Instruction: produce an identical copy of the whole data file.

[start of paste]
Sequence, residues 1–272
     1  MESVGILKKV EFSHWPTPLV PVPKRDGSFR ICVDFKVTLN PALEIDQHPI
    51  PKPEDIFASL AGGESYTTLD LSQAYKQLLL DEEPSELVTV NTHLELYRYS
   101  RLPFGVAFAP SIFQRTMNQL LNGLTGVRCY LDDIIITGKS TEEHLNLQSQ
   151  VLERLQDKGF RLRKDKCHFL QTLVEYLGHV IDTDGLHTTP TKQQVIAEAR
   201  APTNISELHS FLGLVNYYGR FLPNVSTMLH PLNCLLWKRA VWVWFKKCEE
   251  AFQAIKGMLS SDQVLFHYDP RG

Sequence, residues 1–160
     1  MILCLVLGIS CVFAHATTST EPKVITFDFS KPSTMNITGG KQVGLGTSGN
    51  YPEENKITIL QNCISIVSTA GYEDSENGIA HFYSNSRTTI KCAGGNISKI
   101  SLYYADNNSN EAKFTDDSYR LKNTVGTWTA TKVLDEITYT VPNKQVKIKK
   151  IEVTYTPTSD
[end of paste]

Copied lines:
Sequence, residues 1–272
     1  MESVGILKKV EFSHWPTPLV PVPKRDGSFR ICVDFKVTLN PALEIDQHPI
    51  PKPEDIFASL AGGESYTTLD LSQAYKQLLL DEEPSELVTV NTHLELYRYS
   101  RLPFGVAFAP SIFQRTMNQL LNGLTGVRCY LDDIIITGKS TEEHLNLQSQ
   151  VLERLQDKGF RLRKDKCHFL QTLVEYLGHV IDTDGLHTTP TKQQVIAEAR
   201  APTNISELHS FLGLVNYYGR FLPNVSTMLH PLNCLLWKRA VWVWFKKCEE
   251  AFQAIKGMLS SDQVLFHYDP RG

Sequence, residues 1–160
     1  MILCLVLGIS CVFAHATTST EPKVITFDFS KPSTMNITGG KQVGLGTSGN
    51  YPEENKITIL QNCISIVSTA GYEDSENGIA HFYSNSRTTI KCAGGNISKI
   101  SLYYADNNSN EAKFTDDSYR LKNTVGTWTA TKVLDEITYT VPNKQVKIKK
   151  IEVTYTPTSD